The Alcoholics Anonymous program is designed to provide sustenance and
guidance to those seeking to remain sober. Its 12-Step program is
meant to provide them with a moral roadmap to atone for past abuse,
mistakes and sins. In this early-days Matthew Scudder novel, it
instead leads to a series of murders.
An alcoholic himself, Matthews enters AA in an effort to stay away
from alcohol, which had basically ruined his life. Soon he meets Jack
Ellery, another AA member with whom he grew up in The Bronx. While
Matthew became a cop, Jack went the other way, living a life of crime.
Now he is trying to take the seventh and eighth steps of the Program
by making amends. The effort gets him murdered, shot in the head and
mouth, presumably by someone who is afraid Jack’s endeavors would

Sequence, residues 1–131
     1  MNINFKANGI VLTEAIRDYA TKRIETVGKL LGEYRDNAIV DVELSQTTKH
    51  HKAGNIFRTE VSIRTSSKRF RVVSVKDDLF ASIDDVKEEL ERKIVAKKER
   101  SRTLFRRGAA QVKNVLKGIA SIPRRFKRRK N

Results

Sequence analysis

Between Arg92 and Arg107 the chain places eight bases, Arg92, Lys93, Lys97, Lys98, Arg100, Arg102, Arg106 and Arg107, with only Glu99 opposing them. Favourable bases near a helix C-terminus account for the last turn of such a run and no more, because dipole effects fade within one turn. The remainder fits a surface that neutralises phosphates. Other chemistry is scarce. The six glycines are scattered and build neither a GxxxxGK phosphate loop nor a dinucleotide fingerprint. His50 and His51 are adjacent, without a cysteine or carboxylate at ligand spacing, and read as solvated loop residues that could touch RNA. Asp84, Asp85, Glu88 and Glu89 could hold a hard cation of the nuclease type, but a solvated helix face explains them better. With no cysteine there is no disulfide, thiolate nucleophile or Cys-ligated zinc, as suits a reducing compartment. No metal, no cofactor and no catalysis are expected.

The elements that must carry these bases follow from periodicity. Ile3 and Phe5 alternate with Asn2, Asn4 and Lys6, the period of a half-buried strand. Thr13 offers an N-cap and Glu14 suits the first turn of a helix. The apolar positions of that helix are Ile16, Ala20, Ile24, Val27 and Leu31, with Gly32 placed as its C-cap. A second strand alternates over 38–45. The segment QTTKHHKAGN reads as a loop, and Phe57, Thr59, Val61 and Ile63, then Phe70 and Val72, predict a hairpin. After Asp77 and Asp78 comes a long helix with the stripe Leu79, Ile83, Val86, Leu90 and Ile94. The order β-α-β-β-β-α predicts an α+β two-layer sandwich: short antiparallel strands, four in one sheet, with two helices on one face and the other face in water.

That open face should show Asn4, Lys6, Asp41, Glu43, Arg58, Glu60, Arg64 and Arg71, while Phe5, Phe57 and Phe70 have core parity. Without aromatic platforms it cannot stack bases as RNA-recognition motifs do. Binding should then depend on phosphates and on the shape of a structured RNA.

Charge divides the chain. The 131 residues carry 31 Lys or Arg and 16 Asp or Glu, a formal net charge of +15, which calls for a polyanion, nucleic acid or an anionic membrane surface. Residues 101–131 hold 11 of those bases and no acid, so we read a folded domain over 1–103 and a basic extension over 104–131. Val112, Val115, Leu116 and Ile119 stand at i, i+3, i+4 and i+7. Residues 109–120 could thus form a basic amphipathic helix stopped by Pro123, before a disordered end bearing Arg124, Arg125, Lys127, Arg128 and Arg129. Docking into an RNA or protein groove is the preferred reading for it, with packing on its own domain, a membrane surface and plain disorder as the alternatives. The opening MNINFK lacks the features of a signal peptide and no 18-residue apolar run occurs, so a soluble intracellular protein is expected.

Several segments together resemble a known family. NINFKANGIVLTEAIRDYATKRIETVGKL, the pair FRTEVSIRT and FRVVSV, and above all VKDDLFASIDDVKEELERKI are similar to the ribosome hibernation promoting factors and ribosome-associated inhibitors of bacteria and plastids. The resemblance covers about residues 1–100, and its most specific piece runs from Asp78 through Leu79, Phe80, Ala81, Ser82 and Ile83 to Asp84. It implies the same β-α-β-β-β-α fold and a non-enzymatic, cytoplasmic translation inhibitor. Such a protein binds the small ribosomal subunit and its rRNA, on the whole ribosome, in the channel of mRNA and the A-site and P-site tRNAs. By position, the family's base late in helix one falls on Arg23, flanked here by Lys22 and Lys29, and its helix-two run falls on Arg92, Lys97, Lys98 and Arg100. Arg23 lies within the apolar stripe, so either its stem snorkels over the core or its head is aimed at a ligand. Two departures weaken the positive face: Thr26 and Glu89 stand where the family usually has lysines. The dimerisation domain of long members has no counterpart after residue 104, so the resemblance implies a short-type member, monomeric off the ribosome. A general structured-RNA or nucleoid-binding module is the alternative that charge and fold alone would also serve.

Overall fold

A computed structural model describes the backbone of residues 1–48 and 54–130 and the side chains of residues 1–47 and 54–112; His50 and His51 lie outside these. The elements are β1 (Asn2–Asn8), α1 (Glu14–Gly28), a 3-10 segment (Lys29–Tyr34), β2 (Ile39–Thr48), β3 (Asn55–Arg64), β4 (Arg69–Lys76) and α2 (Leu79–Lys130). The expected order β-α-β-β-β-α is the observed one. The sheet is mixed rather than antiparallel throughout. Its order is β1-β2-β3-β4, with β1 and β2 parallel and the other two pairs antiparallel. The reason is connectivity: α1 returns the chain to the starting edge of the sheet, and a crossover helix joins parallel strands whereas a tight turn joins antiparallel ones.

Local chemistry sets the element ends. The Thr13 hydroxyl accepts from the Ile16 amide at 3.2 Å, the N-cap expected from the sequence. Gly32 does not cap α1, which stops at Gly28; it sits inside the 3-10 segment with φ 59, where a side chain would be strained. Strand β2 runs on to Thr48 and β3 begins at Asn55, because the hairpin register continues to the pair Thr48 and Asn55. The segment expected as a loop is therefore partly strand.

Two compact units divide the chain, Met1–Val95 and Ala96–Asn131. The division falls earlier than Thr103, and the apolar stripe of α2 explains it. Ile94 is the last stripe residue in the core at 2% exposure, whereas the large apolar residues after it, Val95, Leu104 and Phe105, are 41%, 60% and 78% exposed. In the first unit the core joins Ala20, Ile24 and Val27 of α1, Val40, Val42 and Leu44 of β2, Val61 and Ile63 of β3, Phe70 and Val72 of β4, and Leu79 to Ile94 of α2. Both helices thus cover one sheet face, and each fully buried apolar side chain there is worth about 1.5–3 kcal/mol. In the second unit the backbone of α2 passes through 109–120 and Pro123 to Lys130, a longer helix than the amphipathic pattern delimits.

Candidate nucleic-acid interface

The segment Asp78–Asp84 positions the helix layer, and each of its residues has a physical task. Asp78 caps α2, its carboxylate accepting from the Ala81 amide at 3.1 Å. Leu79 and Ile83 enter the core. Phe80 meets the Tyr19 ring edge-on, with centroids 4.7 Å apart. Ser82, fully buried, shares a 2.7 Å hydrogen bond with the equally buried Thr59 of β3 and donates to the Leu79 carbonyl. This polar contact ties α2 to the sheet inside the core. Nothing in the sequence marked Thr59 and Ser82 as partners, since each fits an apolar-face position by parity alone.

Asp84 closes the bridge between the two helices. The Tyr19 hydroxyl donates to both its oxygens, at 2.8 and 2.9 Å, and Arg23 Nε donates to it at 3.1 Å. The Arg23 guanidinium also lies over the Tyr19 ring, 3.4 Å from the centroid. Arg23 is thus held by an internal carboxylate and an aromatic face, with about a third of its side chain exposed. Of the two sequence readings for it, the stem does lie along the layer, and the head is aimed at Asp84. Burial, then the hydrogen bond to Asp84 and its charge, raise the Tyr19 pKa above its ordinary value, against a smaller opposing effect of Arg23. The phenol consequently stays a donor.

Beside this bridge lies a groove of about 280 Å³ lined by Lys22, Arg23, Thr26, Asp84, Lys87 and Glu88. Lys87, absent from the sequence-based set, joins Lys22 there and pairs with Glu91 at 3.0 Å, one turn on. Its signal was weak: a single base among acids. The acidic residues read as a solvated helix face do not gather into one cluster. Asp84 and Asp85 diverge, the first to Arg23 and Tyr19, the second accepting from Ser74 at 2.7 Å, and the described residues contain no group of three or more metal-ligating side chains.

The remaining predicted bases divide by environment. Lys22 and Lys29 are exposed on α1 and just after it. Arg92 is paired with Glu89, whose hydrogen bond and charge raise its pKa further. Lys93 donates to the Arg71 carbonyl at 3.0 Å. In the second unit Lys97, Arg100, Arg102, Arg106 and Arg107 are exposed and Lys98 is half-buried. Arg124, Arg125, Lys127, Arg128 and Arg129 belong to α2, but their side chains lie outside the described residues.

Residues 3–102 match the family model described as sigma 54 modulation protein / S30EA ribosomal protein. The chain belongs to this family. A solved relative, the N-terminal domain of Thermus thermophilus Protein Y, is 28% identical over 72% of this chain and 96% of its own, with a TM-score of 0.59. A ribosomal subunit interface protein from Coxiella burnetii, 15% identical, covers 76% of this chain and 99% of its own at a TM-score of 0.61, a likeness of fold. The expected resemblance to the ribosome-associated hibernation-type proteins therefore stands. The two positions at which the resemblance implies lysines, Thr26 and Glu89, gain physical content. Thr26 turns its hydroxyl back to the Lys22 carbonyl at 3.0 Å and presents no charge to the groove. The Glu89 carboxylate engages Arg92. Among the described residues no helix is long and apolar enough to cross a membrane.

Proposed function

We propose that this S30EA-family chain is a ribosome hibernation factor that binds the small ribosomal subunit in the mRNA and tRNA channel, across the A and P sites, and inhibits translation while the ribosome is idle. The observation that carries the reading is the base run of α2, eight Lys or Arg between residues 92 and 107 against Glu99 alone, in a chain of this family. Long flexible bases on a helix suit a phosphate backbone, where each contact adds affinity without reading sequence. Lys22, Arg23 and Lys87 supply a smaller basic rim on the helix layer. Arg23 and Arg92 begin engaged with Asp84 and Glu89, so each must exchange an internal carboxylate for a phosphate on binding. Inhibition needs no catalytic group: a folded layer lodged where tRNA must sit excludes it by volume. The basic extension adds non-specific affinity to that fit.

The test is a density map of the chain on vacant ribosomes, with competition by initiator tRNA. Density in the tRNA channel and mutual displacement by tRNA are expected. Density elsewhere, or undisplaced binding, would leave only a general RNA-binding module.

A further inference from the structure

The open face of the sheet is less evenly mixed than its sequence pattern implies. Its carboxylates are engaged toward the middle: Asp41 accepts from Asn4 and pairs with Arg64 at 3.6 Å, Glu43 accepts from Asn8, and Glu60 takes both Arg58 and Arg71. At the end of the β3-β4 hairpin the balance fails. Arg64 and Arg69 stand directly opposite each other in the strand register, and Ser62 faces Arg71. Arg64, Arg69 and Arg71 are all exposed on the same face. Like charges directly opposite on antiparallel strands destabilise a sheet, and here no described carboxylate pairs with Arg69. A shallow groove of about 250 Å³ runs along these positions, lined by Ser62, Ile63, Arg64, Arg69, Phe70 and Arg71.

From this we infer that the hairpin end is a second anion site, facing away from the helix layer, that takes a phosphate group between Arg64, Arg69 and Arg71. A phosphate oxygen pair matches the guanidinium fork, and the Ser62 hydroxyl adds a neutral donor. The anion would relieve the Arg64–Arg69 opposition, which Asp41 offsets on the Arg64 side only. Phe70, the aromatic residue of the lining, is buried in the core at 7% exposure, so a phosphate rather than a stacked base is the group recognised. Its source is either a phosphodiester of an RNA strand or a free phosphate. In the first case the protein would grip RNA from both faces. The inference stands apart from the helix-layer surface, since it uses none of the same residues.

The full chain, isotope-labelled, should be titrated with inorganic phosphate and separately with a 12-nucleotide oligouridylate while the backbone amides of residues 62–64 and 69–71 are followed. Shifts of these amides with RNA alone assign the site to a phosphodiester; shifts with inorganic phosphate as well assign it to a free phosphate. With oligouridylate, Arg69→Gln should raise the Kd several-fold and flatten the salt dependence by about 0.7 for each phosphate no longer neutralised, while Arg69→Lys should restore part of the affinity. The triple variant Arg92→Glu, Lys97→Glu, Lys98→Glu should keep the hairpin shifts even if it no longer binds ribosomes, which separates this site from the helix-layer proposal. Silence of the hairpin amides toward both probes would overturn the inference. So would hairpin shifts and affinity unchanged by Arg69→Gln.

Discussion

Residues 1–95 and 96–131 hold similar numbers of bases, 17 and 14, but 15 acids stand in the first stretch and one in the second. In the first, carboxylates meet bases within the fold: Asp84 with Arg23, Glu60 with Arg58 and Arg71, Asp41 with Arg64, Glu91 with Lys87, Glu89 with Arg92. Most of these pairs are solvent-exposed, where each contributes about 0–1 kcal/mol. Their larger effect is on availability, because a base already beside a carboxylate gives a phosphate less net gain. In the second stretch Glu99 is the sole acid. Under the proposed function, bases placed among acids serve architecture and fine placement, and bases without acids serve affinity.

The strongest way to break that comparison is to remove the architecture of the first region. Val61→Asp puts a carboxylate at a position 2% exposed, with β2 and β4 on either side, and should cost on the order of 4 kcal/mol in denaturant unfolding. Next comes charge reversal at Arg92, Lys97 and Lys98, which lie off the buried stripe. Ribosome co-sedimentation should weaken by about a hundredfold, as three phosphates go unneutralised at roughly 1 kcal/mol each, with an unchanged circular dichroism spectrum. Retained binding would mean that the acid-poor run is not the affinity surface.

expose the killer for an act done in the past. Jack’s sponsor retains
Matthew to look into some of the people Jack went to in his attempts
to make amends, if only to eliminate the innocent.
The novel is a look into not only a murder investigation, but other
things as well: Matthew’s development as a sober person; love; loss;
nostalgia; and most importantly, human relationships. Written with a
fine eye for dialog and penetrating insight into the characters, the
book is an excellent example of why the Matthew Scudder series is so
highly regarded, and it is recommended.